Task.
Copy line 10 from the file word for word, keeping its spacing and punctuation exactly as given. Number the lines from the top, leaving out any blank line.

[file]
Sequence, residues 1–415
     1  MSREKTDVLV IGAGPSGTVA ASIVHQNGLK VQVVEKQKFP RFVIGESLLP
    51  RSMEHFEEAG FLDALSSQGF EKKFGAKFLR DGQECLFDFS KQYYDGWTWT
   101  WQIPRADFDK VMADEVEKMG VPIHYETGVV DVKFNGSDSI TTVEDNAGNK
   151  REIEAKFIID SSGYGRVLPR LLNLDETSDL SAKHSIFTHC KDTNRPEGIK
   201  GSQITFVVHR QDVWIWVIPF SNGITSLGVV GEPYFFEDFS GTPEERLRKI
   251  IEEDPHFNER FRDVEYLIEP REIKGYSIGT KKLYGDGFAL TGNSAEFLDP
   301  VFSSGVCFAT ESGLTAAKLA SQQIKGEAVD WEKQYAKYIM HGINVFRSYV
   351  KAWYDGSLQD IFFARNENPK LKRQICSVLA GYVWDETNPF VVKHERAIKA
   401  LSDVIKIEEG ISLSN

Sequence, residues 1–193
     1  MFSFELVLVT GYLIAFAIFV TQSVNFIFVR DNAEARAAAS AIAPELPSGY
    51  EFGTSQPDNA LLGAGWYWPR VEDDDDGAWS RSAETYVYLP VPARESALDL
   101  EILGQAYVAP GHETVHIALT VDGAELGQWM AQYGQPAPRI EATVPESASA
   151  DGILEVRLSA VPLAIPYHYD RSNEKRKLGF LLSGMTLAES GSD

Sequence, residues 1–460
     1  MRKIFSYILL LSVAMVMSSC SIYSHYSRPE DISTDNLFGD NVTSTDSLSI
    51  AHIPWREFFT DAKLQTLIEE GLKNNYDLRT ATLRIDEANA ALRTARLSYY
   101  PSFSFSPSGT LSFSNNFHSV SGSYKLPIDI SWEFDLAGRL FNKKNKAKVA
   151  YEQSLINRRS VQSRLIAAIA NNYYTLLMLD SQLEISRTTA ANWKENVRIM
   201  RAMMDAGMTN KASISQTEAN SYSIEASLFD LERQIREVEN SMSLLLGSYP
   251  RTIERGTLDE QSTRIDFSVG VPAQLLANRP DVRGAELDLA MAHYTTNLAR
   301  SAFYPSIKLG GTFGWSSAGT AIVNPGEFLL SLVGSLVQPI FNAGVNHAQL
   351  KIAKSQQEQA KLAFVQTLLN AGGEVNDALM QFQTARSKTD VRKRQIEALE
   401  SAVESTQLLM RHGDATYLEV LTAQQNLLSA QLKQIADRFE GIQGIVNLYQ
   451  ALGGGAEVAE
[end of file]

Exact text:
   401  LSDVIKIEEG ISLSN